patient who came down with a mysterious illness that would have lessened her already short prognosis of one year to live. While her bravery in the face of her difficult situation and her selfless care for her mother?s well-being inspired House?s team, Dr. Wilson, and Dr. Cuddy, House marginalized her admirable attributes as symptoms and statistics: ?These cancer
kids, you can't put them all on a pedestal. It's basic statistics. Some of them have gotta be whiney little fraidy-cats? (Episode 202) and
Dr. Gregory House: [talking about 9-year-old cancer
patient] She's such a brave girl, I want to see how brave she is when you tell her she's gonna die.
Dr. James Wilson: [long pause] Go to hell. (Episode 202)
Thus, while in the typical human personality, one?s id and superego often conflict, House?s lack of a strong superego enables his id to be the driving force of his personality, which is blatantly evident throughout each episode. House satisfies every whim, impulse and bodily gratification no matter how socially unacceptable and morally questionable it is. He flaunts his use of prostitutes and his habits of watching pornography. He frequently steals food from Wilson, lies to people and puts others in danger in order to satisfy his personal curiosity and boredom. He lives his life saying exactly what he wants and getting exactly what he wants no matter the social consequences, precisely because of his possession of a weak superego. House is a classic example of an unrestrained id that runs wild.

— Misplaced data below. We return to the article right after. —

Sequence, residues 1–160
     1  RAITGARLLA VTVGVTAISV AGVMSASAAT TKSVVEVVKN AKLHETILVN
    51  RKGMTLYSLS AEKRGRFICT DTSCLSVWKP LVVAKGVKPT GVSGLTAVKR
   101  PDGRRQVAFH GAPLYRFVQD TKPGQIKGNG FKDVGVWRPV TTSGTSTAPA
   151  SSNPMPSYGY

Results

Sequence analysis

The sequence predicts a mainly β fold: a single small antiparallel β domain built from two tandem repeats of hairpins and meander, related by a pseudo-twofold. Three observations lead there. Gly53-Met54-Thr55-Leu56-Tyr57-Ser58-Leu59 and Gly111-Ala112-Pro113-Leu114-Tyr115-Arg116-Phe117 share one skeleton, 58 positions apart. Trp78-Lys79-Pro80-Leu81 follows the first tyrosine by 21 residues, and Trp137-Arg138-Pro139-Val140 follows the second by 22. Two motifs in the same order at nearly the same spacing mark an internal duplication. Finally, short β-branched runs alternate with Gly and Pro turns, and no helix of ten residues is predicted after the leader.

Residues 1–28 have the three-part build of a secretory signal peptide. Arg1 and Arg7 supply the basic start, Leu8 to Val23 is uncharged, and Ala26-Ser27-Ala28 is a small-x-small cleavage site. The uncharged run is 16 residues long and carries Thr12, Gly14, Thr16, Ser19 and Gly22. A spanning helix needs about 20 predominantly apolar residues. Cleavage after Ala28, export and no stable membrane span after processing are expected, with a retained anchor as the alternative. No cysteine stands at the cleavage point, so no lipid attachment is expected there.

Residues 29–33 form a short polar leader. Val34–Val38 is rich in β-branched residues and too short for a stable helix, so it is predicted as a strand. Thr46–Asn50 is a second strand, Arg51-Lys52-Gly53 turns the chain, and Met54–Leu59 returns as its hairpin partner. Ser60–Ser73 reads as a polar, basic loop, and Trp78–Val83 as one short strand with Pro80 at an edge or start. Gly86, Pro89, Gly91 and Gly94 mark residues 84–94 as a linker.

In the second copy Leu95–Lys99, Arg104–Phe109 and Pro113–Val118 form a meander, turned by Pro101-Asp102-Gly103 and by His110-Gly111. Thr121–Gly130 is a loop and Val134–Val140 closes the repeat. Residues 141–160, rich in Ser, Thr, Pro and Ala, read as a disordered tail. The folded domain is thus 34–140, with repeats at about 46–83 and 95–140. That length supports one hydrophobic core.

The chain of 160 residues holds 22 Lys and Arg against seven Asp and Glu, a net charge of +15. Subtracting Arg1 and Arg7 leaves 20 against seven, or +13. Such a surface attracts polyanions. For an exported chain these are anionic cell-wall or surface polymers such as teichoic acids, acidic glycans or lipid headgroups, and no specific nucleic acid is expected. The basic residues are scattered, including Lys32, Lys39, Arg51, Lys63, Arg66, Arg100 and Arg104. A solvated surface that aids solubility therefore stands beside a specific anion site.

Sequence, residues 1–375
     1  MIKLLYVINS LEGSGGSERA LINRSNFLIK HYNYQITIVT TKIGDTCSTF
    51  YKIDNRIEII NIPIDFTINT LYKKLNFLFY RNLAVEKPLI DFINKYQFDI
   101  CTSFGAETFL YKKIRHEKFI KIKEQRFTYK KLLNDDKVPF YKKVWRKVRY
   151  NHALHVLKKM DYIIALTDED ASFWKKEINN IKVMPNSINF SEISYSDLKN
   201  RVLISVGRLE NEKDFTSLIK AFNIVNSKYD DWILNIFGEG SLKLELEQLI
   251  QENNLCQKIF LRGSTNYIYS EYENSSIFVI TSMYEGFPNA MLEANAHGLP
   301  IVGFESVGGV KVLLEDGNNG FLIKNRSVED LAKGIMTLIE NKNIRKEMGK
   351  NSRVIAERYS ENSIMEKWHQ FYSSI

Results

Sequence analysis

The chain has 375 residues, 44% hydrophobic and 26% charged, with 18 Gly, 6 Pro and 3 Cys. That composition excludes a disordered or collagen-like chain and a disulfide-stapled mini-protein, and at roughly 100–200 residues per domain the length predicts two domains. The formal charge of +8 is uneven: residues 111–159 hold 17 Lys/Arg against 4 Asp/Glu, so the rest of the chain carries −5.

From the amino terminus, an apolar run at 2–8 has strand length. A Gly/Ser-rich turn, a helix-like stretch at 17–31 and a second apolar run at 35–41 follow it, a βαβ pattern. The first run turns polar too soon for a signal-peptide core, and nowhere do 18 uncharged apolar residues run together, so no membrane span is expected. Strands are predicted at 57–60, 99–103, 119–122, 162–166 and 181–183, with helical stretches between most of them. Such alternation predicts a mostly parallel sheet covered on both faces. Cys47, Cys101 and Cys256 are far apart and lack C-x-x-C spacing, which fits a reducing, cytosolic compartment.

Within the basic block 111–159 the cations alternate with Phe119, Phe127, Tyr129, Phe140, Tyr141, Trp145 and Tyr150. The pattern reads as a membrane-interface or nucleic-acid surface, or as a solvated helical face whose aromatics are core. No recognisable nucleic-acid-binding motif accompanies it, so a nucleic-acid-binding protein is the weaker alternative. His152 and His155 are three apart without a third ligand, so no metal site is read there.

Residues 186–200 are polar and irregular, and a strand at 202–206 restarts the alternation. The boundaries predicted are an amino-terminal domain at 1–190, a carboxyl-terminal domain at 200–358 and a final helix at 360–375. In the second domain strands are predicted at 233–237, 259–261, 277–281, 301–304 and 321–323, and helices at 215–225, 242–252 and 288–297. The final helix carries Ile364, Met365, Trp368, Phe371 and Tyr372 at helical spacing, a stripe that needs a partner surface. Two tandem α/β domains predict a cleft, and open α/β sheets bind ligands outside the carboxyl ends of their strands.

Freud advances that anxiety poses the main threat to one?s psyche and can be triggered by the loss of a desired object, loss of love, loss of identity, or loss of love for one?s self. Furthermore, Freud argues that Thanatos, the impulse for self-destruction and death, is one of the methods that people succumb to in order to eliminate their anxiety. For in death, there is no more conflict (Frager and Fadiman 30). House?s loss of Stacy after he broke up with her qualifies as loss of love and resulted in a noticeable increase in his leg pain, which Freud would deem a hysterical symptom caused by increased anxiety. In addition, the prospect of getting back together with Stacy in season two arguably led to the loss of House?s identity as a miserable and an isolated human being. This must have led to an increase in his anxiety, which provoked him to resolve the anxiety by breaking up with her. Similarly, House?s romantic feelings for Dr. Cuddy in season five, evoked a great deal of anxiety because of the loss of his sense of identity as a rebel and emotionless hermit that his feelings for her, his boss, necessarily precipitates.